Doctor insights on:
What Is The Treatment For Myloma
Many new options: Therapy for myeloma has evolved from cytotoxic drugs (mp, vad, hcvad) to the immunomodulatory drug (imid) thalidomide. More recent drugs include the imid Lenalidomide (revlimid) (pomalidomide coming...), Bortezomib (velcade), doxil, (liposomal doxorubicin) etc. Many new drugs are on the horizon. Bisphosphonate therapy with zoledronic acid (zometa) is of benefit. Tx has changed from simple to complex and individualized. ...Read moreSee 2 more doctor answers
Myeloma treatment: Agressive therapy would be recommended in young people with myeloma. Treatment will include several cycles of combination of 3 different medication as induction then followed by stem cell collection for future autologous stem cell transplantation that can be done soon after completion of chemotherapy or later in the future as indicated- plus minus maintanance therapy . Discuss further with your md. ...Read more
My grandmother aged 65 she had mutiple myeloma and leoimoma can it be cured?What is the treatment?
Which one is worse?: Leiomyoma sounds like a benign tumor, so it should not cause much of a problem. Multiple myeloma is a cancer inside the bone(bone marrow). There is good treatment for myeloma but it is chronic, long term treatment off and on, most patients can and often live for 5-10 years with this cancer. ...Read moreSee 1 more doctor answer
Medication: Define to me- senior people? Treatment will depend on whether the person is a transplant candidate or not. The age cut off would be 70 year old- but also will depend on the overall condition/other medical problems and preference. If not eligible for tansplant-treatment would be combination of 2 or 3 medications ( biological agent, steroids and plus minus chemo ) mainly then +/- maintainanace. ...Read more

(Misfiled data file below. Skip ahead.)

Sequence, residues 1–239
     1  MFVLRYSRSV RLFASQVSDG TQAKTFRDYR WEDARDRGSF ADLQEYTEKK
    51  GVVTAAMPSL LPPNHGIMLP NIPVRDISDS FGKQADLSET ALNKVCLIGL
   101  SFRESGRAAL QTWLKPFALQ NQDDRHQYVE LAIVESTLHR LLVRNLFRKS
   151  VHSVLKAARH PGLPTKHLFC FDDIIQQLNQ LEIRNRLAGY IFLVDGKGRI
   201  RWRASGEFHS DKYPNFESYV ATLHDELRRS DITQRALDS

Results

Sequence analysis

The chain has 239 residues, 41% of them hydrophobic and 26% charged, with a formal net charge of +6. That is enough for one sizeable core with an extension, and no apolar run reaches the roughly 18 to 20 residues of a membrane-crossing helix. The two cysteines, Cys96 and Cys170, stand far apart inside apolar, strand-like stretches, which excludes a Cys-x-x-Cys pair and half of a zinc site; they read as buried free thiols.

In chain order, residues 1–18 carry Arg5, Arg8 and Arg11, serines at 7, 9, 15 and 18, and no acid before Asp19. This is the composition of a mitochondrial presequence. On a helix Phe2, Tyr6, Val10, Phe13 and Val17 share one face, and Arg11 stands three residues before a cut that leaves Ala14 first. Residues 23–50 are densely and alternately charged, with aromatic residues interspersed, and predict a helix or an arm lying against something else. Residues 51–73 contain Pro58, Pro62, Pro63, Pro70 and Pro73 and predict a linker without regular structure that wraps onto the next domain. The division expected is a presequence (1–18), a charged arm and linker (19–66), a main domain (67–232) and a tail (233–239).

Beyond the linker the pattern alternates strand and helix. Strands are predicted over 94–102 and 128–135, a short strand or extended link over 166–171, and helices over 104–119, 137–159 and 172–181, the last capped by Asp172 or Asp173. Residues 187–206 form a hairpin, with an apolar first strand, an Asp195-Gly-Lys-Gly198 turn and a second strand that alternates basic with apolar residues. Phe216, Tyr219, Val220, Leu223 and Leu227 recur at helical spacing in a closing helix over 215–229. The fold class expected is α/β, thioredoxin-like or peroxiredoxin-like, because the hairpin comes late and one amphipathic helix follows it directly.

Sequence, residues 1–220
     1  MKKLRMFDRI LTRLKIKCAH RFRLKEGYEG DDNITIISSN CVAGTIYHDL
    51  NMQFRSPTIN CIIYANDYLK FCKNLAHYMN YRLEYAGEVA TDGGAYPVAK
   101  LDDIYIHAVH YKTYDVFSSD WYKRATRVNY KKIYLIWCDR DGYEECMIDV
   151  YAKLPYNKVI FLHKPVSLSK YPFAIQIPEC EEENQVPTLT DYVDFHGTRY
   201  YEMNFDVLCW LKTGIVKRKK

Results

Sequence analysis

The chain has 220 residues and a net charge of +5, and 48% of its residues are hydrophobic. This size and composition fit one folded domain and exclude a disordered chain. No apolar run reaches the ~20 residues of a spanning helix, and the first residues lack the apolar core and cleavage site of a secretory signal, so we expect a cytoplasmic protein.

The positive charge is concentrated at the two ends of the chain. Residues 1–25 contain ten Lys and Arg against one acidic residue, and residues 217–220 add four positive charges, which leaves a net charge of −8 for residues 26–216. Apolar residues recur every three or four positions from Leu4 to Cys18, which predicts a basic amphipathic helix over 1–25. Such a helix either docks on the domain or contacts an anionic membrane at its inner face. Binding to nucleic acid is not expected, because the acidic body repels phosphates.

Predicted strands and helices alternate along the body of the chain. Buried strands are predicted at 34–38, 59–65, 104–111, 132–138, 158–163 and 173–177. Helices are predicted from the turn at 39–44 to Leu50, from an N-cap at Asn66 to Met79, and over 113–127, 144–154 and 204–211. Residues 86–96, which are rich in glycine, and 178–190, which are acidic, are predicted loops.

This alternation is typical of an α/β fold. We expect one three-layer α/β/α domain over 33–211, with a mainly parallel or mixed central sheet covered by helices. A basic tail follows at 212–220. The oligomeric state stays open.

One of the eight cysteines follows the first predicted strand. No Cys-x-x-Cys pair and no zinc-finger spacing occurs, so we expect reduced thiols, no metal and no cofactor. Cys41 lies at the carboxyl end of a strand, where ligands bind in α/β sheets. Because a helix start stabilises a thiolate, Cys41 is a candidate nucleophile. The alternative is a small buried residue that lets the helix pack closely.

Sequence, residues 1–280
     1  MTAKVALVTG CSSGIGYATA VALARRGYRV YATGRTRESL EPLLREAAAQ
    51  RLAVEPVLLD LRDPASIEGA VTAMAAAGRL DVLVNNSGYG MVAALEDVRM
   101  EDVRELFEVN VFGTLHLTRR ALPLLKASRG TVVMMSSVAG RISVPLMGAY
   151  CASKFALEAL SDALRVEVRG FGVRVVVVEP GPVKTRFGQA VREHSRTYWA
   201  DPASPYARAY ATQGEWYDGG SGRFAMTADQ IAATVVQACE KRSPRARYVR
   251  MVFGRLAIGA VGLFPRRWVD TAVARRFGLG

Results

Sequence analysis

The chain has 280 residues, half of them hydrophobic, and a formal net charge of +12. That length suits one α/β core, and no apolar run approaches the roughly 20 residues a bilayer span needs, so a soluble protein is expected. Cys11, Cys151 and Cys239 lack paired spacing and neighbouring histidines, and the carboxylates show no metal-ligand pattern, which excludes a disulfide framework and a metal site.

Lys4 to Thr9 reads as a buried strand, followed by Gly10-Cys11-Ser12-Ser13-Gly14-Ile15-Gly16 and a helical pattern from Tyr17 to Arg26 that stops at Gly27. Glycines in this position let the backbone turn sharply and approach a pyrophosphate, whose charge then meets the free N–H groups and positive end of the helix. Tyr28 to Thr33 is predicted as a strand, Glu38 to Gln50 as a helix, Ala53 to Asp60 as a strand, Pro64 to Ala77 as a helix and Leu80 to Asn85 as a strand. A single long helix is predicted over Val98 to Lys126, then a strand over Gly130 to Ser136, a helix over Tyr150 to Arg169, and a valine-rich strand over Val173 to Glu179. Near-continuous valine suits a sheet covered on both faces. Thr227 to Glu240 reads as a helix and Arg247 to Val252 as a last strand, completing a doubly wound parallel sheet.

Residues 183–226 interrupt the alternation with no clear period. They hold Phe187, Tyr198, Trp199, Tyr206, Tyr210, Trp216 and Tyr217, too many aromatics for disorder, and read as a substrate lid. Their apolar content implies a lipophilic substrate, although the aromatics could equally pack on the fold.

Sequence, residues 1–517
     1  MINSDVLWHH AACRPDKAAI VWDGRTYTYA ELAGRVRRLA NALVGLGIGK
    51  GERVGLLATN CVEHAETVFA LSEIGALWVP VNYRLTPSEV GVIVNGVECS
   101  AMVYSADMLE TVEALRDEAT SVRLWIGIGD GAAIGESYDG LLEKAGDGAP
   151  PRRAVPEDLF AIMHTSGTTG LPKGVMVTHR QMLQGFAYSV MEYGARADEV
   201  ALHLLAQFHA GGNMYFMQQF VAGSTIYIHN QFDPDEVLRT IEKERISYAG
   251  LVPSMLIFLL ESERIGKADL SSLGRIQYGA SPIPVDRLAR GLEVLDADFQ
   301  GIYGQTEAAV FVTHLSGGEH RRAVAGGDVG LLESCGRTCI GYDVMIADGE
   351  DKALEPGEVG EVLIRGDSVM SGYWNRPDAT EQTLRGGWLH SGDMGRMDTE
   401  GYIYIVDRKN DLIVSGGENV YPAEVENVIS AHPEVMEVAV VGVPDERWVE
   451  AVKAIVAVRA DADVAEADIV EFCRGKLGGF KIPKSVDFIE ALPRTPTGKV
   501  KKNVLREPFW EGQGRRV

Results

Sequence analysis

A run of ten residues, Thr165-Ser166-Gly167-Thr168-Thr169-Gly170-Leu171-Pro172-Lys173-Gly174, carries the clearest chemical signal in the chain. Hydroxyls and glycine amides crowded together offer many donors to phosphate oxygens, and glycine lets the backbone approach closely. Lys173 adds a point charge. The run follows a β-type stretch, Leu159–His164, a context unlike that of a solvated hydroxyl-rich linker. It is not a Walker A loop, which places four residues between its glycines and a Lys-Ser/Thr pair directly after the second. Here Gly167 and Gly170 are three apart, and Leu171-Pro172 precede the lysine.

Many: There are many options. One source of updated, risk-stratified treatment are the Mayo Clinic Stratification for Myeloma And Risk-adapted Therapy (mSMART) guidelines: http://www.msmart.org/msmart_mar09_002.htm Treatment depends on disease (MM) and host (patient) characteristics as well as the goals of therapy. ...Read more
If I need treatment now, what are my options for multiple myeloma and how successful are they likely to be?
It depends...: An international team has put together guidelines on when patients with myeloma should be treated. Your cancer doctor should be aware of them. There are many things now which can predict how well you will do with treatment and what type of treatment you should have. Patients live much longer with this disease than a decade ago..Some over 20 years making this a chronic illness in many ways. ...Read moreSee 1 more doctor answer
Has tinospora ever been used to treat multiple myeloma or be used at the same time as other multiple myeloma treatment?
Maybe no data?: Never heard of tinospora until your question. I saw a scattering of mentions on an internet search, but no real data. A recent august 2011 review on tinospora in various conditions (not myeloma) is here: http://www.Lahey.Org/departments_and_locations/departments/cancer_center/ebsco_content/multiple_myeloma.Aspx?Chunkiid=111811. ...Read more
Complex question: It's not just the number, but how they crowd out normal cells, and how much other problems they cause (elevated calcium, sludging, infiltration of bone, etc.) would probably need a special online consult to sort this out better. Without an actual examination, I cannot give specific medical advice on your particular health, ...Read more
"Many": Myeloma and other plasma cell dyscrasia treatments has evolved from standard cytotoxic approaches (eg mp, vad, hypercvad) to "novel" therapies. Immunomodulatory drugs (imids) - eg thalidomide, lenalolidomide, pomalidomide proteasome inhibitors - eg, bortezomib, carfilzomib, etc other: hsp90 inhibitors, hdaci, b-raf, etc. Over the last few years multiple new drugs have been approved for myeloma. ...Read moreSee 1 more doctor answer